Young Harry travelled with me and Diane set off in her own car early on Friday morning. We met up for coffee at Fleet services before making our way to the Riviera Hotel, a stone’s throw from the beach at Bournemouth. Harry has been a member of the Arena Group of photographers for many years and each year they provide us with a wonderful weekend conference. It is an event not to be missed. The food at the hotel is an added bonus as well as its location as a short walk, albeit a steep walk back, takes you directly to the beach. Bournemouth Pier is exactly one mile away.
Having dumped our bags in our rooms Diane and I set off for the beach, with our cameras at the ready. We headed towards the pier and the town. It was a greyish day as we strolled along the promenade with relatively poor light and few people on the beach. I became rather fascinated by the behaviour of three white terriers who seemed determined to play and explore the litter bins. We both took a few pictures of people sitting, watching and talking. We even managed to find a lady in red to brighten our pictures. On the pier we watched and photographed the very brave or very mad surfers who all looked more than just cold! Having walked about four miles we headed back up the hill to the hotel and into the shower before enjoying what was to be a delicious three course meal. The conversation was lively and we all agreed how nice it was to be with fellow photographers as we could talk pictures, lenses, cameras etc without seeing the ‘glazed over’ look our rather limited conversations created in non photographers. We could obsess legitimately!
Early Saturday morning at 6.40 we set off to the beach again, meeting several photographers who unlike us, had got up really early to capture the pink sunrise. They enthused about the soft colours and realising we had missed it all, we decided we would get up very early on Sunday.
Saturday’s seminars began with a talk I had seen before from a great street photographer Dave Mason. He had presented recently at our local club but on this occasion he had added new material. He is a lively presenter who enjoys the humour and decisive moments that street photography provides. He has a vivid imagination often telling an interesting story about what he thinks might be going on in any given street shot. Street photography is great fun and I spend a lot of my time trying to capture the essence of strangers that pass by but it is a shame that many judges despise humour and like street photography even less! Visit Dave’s website http://www.davemasonimages.com/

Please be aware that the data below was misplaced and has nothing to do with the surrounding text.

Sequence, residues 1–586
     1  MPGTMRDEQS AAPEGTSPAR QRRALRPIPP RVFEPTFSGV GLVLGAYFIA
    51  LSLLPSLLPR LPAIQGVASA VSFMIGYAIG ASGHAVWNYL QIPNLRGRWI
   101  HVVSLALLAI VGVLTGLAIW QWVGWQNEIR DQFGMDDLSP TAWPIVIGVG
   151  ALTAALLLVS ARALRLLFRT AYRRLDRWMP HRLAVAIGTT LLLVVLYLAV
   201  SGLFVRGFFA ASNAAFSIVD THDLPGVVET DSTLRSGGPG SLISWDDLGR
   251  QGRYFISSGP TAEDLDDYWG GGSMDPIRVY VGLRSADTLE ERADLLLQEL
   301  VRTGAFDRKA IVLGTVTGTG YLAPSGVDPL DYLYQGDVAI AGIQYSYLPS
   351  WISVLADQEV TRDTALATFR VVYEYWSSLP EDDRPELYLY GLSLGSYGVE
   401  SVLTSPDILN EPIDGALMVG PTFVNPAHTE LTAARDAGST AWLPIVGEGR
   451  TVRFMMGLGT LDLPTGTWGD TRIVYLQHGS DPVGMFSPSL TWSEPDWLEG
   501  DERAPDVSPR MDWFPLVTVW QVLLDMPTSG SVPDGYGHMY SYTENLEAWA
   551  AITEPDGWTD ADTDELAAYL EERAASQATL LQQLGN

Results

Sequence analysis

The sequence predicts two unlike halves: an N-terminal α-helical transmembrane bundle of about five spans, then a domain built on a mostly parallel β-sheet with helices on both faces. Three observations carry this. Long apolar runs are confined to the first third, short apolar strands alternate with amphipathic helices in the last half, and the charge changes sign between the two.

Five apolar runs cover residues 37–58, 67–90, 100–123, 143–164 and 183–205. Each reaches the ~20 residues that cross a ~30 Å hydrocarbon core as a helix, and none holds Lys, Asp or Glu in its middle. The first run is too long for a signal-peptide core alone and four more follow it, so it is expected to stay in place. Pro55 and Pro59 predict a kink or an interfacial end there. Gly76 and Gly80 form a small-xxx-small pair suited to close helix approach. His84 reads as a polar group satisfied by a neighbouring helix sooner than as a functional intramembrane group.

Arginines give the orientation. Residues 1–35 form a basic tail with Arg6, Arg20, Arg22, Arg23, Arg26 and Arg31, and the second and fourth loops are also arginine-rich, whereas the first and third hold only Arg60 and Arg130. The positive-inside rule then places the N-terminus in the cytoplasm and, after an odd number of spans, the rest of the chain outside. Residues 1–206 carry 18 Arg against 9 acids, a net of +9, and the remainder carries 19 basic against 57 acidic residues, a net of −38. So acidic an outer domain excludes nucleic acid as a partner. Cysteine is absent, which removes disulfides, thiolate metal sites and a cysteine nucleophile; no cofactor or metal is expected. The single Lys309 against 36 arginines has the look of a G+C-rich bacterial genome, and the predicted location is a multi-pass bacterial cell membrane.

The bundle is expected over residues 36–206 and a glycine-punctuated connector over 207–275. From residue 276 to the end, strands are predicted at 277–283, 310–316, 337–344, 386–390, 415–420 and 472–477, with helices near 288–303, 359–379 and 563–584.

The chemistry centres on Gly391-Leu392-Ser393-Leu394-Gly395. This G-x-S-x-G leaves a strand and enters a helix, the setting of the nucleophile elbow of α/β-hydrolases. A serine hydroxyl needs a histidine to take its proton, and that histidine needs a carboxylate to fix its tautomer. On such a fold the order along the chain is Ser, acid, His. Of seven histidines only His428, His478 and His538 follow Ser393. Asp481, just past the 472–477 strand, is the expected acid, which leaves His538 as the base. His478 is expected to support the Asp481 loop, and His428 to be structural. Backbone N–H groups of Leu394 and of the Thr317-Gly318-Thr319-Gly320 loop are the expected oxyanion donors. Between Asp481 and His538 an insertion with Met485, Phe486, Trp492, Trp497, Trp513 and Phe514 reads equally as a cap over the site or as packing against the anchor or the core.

I kind of dread wildlife presentations as I have seen so many now and often they deteriorate into ‘snaps’ of what is widely known in the photography world, as ‘birds on sticks’. Don’t get me wrong, I admire the skills that wildlife photographers have, but when you have seen one thousand pictures of birds sitting in a tree, often taken with a very expensive 600mm lens, there is a tendency for me to ‘nod off’. The final insult of course is that many judges love them and so they are usually awarded very high marks, regardless sometimes of whether they are even sharp! The next presenter Paul Goldstein, conducts photography tours around the world and I was interested to see the standard of photography in these more exacting environments. For once I was not disappointed. The images were exciting and vibrant and he was brave and confident enough to show us the photographs that didn’t quite live up to his self imposed rules. Why do we do that, impose arbitrary rules on ourselves? He was worried about stray grass, animals touching each other and composition. Wild animals live in wild places, why worry about stray grass and a busy background? The panoramic views of wild polar bears on acres of split ice were stunning and yes I did want to be there alongside the cheetahs and all the cubs that engendered so many ‘oohs and arghhs’ from the captivated audience. Diane and I grabbed the booklet provided and carefully surveyed the cost of such photographic tours. I think it would be fair to say you’d need a banker’s pension or footballer’s salary to ever achieve that dream, at least in the short term! Diane and I have started saving already! To see some of Paul’s wonderful wildlife pictures go to http://www.paulgoldstein.co.uk/ Take a look at the slow panning shots for something a little more real in wildlife.